Alerts to the dangers of overstepping environmental boundaries in the process of excessive capitalist production are not new, of course—the idea of global warming has been present in the scientific community since the 1930s and the WHO has consistently warned for over two decades that climate change and habitat degradation pose significant overlapping risks in the proliferation of infectious pathogens: ‘‘the spread and increased lability of various infectious diseases, new and old, reflects the impacts of demographic, environmental, technological and other rapid changes in human ecology’’ (, p. 104). There is no doubt that scientific and social scientific expertise on planetary ecological stress needs to impact more in terms critical public scholarship, and a crucial challenge lies in insisting on the scalar connections and relational geographies of environmental stress and consequent precarity, as David Quammen and others have shown [41, 42, 43]. This is key to what Bruns has highlighted as the necessity of ‘‘zooming out a little’’ in order to see the interconnected ‘‘struggles and contractions in this era called the Anthropocene’’, which is marked by a range of issues, from population growth, pollution and climate change, to biodiversity loss and resource grabs that mirror the unrelenting goal of capitalist economic growth (, p. 6).
Political economic critiques of late modern capitalism are vital in contextualising the challenges of planetary precarity we face. Deregulated extractivism, excessive consumerism, overlapping environmental stresses, growing economic inequalities and the ecologically unsustainable idea of continuous economic growth collectively demand a fundamental reappraisal of what an economy is actually designed for. There is an acute need for repeatedly making the argument that market concerns and profit—to the detriment of environmental and human health—is no longer acceptable as the rationale for ‘development’ and ‘growth’.
Market-driven, econcentric rationales prevail in so many aspects of contemporary life. Manifesting in everything from increasingly technocratic forms of government to deepening regimes of performance management, such rationales have been seen at the heart of global health governance too. As Matt Sparke observes, the governance of global health has unobtrusively adapted ‘‘calculations from global finance to manage global health interventions’’ (, p. 48). . Sparke’s concerns are echoed by Susan Sell and Owain Williams, who have outlined the multiple ‘‘underlying structural effects of capitalism on health’’ that are evident at every human-environmental scale—effects that mirror a ‘‘market fundamentalism’’ that ‘‘profoundly’’ shapes global health governance in areas such as ‘‘trade and investment policy’’, ‘‘austerity programs’’, and ‘‘pharmaceutical and food governance’’ (, p. 1). Sell and Williams convincingly show how neoliberal capitalism ‘‘generates health outcomes like no other system’’, resulting in what they term ‘‘structurally pathogenic’’ negative impacts (, p. 1).
Joining the dots on the structural violence wrought by neoliberal capitalism on human and environmental health is an urgent and vital task that requires a holistic conceptualization of conjoined human and environmental security in the Anthropocene. One of the most important connections to illuminate between capitalist productions and ecological after-effects on a global scale relates to ‘Big Farm’ agribusiness and regulating how we ethically and environmentally produce food [46, 47]. A primary economic driver of ecological stress is the demand for cheap meat that has seen a rise in industrial-sized cattle, pig and chicken farming. Apart from the well-documented methane emissions and the various core animal welfare issues, intensive farming has been linked to ‘‘local biodiversity damage from ammonia emissions’’, deforestation due to the ‘‘reliance on protein-rich crops such as soya as animal feed’’, and multiple ‘‘detrimental impacts’’ on communities, including the dissemination of ‘‘harmful bacteria, viruses and air pollutants’’ . In the wildlife food sector, agribusiness has evidently played a central role in the emergence of COVID-19, and indeed in many of the other deadly pathogens we have seen in recent decades. Karin Brulliard usefully historicizes the consequences of a largely unregulated global wildlife trade: ‘‘[COVID-19] began like so many pandemics and outbreaks before: inside an animal. The virus’s original host was almost certainly a bat […] as was the case with Ebola, SARS, MERS and lesser-known viruses such as Nipah and Marburg […] Wild animals have always had viruses coursing through their bodies. But a global wildlife trade worth billions of dollars, agricultural intensification, deforestation and urbanization are bringing people closer to animals, giving their viruses more of what they need to infect us: opportunity’’ [49, 50].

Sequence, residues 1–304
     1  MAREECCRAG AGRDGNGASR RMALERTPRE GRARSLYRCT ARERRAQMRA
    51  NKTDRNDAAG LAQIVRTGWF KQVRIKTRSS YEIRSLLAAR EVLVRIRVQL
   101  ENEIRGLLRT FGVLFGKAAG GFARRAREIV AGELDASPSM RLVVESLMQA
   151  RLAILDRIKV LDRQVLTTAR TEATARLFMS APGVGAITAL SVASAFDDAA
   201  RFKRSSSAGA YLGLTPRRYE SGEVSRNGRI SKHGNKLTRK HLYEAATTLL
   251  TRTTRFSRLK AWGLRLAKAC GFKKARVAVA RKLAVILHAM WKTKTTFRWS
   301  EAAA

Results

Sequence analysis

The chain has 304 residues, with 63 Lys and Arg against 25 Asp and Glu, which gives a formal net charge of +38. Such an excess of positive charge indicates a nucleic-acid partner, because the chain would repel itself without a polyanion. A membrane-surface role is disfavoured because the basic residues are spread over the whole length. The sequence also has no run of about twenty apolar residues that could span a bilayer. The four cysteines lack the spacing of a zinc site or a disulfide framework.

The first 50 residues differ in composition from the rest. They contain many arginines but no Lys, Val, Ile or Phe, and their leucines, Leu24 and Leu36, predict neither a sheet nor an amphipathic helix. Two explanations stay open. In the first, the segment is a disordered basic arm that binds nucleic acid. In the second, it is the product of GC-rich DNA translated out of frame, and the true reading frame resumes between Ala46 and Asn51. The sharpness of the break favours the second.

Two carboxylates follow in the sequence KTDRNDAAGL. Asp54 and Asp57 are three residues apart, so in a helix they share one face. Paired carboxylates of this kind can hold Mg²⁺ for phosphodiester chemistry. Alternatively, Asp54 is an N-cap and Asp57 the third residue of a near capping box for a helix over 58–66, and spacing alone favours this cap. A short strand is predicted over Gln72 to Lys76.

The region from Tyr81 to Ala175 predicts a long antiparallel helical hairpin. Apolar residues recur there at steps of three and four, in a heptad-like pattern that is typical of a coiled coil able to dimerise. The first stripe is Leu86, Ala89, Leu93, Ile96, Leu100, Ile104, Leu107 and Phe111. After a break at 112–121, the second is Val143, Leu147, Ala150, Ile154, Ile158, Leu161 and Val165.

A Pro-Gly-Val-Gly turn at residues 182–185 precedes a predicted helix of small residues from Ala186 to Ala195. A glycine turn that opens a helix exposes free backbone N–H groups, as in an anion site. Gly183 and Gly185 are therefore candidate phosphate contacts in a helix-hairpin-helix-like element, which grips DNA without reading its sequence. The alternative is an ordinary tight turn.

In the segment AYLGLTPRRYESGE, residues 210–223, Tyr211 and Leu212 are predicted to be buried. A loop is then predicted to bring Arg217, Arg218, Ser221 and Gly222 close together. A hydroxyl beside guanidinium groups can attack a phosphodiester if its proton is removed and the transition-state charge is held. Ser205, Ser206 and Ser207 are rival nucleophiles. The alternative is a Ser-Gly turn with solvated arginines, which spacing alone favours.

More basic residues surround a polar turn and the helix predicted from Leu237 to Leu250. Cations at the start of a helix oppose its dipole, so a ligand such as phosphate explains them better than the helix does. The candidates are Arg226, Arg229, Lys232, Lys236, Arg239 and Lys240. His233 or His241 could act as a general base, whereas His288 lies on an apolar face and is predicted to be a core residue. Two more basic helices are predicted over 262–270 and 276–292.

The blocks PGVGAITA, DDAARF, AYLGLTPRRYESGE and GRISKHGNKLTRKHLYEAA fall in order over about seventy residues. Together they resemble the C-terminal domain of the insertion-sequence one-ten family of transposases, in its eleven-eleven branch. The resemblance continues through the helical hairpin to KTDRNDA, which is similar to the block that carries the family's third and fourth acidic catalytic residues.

In the hugely profitable exotic food industry, opportunities for infection are being facilitated in particular by increased encroachment on wild forests. As Catrin Einhorn documents, the ‘‘destruction of forests into fragmented patches is increasing the likelihood that viruses and other pathogens will jump from wild animals to humans’’, and, as coronaviruses are zoonotic, further outbreaks are not only probable but inevitable . The United Nations Environment Programme have underscored the worrying global picture: ‘‘diseases passed from animals to humans are on the rise, as the world continues to see unprecedented destruction of wild habitats by human activity’’ . They set out the core challenge of containing transmissions: addressing the ‘‘multiple and often interacting threats to ecosystems and wildlife to prevent zoonoses from emerging, including habitat loss and fragmentation’’ .